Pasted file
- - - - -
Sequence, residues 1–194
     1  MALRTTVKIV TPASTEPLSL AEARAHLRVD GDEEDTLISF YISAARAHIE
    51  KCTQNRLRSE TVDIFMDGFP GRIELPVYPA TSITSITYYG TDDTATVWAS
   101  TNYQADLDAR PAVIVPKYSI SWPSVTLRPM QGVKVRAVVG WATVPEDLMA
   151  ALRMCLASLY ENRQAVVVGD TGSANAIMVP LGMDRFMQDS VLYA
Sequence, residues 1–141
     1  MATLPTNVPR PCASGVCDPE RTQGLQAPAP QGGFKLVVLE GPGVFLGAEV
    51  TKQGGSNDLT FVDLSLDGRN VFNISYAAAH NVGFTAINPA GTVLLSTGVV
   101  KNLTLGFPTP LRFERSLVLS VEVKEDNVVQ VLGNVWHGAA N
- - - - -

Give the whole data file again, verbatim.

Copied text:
Sequence, residues 1–194
     1  MALRTTVKIV TPASTEPLSL AEARAHLRVD GDEEDTLISF YISAARAHIE
    51  KCTQNRLRSE TVDIFMDGFP GRIELPVYPA TSITSITYYG TDDTATVWAS
   101  TNYQADLDAR PAVIVPKYSI SWPSVTLRPM QGVKVRAVVG WATVPEDLMA
   151  ALRMCLASLY ENRQAVVVGD TGSANAIMVP LGMDRFMQDS VLYA
Sequence, residues 1–141
     1  MATLPTNVPR PCASGVCDPE RTQGLQAPAP QGGFKLVVLE GPGVFLGAEV
    51  TKQGGSNDLT FVDLSLDGRN VFNISYAAAH NVGFTAINPA GTVLLSTGVV
   101  KNLTLGFPTP LRFERSLVLS VEVKEDNVVQ VLGNVWHGAA N